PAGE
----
Side Port!

So I stumbled upon Tim McKnight's website and discovered the quiet world of guitar side ports. What's a side port? Basically, it's a second hole in your guitar--usually in the upper bout side on the half facing the player--that allows the player to hear a better acoustic image of what someone sitting in front of the guitar may be hearing. Usually the tone is said to be fuller or bassier from the player's perspective with a sound port.

After some thought, I decided that I HAD to try one in this guitar, and settled on an oval shape as being the most likely form to turn out looking well-crafted. I was fortunate enough to get some advice form professional luthier Michael Bashking regarding how to construct the sound port.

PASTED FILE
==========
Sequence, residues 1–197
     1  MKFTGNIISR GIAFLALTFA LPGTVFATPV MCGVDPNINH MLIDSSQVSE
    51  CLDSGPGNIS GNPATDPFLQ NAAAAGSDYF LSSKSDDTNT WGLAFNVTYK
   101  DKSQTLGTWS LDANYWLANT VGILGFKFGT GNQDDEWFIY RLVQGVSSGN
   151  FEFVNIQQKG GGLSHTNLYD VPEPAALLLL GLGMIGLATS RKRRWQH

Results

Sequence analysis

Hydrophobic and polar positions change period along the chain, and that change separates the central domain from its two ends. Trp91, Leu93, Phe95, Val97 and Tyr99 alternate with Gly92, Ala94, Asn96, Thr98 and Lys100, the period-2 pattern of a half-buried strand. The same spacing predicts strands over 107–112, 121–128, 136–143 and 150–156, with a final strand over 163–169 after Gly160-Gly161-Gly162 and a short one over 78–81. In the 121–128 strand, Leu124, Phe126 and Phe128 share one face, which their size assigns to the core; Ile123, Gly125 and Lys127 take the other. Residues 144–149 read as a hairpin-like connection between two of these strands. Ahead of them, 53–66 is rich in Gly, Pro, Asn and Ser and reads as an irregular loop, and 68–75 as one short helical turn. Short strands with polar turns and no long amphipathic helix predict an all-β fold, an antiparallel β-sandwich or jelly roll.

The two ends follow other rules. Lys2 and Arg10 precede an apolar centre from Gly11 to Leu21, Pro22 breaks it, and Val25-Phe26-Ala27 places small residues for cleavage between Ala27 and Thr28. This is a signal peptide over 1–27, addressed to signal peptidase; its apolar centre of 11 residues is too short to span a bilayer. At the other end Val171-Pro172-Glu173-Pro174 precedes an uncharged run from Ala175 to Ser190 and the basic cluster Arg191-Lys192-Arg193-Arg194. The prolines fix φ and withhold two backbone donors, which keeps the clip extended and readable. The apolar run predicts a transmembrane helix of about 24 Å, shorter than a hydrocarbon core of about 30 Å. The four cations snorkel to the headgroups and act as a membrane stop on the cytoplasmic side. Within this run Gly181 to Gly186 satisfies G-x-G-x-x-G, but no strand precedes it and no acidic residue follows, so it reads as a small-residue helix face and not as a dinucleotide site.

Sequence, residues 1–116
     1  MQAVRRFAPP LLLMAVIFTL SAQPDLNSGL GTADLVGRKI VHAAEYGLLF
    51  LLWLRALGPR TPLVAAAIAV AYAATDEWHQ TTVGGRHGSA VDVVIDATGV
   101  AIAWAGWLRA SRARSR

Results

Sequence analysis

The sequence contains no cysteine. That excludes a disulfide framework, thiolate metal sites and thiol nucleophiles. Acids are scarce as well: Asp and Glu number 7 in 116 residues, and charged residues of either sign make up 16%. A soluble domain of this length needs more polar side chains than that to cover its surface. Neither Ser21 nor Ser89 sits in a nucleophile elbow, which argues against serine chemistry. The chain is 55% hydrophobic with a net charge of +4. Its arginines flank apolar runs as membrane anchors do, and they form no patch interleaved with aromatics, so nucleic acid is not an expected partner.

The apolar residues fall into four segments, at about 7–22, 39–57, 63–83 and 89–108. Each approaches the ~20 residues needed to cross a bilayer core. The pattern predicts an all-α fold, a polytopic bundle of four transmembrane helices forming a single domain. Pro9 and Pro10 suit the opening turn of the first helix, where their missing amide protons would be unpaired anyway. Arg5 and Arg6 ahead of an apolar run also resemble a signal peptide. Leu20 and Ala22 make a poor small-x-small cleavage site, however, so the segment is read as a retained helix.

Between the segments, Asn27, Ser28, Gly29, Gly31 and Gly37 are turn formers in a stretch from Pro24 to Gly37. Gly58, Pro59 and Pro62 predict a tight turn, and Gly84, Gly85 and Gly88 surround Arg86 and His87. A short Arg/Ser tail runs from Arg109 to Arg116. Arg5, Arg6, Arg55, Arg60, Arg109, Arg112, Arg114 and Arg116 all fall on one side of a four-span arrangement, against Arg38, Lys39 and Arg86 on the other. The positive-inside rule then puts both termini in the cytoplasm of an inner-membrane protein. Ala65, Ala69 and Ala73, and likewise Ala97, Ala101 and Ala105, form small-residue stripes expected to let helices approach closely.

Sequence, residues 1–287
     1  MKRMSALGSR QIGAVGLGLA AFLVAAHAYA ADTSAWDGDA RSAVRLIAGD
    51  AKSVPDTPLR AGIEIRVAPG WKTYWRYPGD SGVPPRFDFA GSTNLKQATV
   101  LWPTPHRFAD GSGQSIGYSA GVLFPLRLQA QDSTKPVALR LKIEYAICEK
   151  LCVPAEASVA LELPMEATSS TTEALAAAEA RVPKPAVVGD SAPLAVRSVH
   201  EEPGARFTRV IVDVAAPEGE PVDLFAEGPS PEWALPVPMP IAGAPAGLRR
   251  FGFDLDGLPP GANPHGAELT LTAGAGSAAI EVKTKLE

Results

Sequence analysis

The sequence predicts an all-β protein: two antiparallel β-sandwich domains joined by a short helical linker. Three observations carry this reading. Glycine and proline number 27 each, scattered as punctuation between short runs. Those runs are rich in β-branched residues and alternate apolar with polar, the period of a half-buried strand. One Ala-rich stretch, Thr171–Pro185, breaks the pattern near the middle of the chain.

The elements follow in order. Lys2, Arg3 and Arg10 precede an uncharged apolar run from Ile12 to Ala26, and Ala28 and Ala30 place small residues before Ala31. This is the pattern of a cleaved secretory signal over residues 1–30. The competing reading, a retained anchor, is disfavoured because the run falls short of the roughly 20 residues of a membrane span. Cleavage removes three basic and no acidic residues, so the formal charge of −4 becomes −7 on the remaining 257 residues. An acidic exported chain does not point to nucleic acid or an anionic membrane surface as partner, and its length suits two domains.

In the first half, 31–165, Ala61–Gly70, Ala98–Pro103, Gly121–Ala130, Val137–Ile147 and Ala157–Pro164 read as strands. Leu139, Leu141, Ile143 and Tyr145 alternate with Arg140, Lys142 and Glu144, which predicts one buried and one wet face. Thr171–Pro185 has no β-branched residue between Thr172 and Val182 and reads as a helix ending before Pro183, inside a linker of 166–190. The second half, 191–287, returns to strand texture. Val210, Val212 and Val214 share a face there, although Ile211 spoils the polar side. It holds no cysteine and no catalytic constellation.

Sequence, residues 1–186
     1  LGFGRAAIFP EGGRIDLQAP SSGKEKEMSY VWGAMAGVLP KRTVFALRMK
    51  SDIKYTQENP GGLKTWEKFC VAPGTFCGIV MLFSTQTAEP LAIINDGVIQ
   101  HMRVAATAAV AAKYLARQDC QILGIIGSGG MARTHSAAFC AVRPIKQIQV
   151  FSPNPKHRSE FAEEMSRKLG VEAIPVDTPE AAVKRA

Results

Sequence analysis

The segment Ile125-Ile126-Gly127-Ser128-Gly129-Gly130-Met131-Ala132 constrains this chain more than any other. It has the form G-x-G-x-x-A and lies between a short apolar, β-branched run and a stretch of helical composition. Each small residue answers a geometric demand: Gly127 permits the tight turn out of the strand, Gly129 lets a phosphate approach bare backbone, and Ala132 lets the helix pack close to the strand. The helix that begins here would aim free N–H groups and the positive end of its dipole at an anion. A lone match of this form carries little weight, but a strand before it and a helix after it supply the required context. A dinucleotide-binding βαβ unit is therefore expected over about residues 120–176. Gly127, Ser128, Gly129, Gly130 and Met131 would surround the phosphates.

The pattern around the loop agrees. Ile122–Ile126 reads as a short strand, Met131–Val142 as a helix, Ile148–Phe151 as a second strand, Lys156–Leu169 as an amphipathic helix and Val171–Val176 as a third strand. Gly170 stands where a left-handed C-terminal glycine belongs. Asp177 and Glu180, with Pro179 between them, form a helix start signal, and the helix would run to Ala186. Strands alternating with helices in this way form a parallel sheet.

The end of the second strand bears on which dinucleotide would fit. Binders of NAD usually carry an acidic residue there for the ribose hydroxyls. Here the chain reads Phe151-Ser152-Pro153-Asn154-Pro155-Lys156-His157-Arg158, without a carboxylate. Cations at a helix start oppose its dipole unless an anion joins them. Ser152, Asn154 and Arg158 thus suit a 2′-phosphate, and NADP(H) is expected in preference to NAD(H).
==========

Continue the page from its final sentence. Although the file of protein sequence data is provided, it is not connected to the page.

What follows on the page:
I began by scoring the outline of the oval into the bent side using an oval template--this way I could then Dremel away the interior up to the scoreline, and then refine my oval with files and sandpaper (shown above).

On the inside, I was advised to glue in a cross-grain patch to strengthen the side and to prevent cracks along the oval. I chose to use rosewood side material for the patch so it would look the same as the sides, but I also sandwiched a maple veneer (shown above) into it to create a little maple line detail along the inside edge of the oval side port (I would love to have bound the oval in maple, but found the procedure too difficult and risky for my first guitar).

Here's a picture of the rough-cut oval after I Dremeled it:

I think in the next photos I had already cleaned up the oval a little--I'm saving the final sanding for the end:

Once again, here's a picture of both halves ready for attachment--notice the back kerfing has been notched to accommodate the back braces.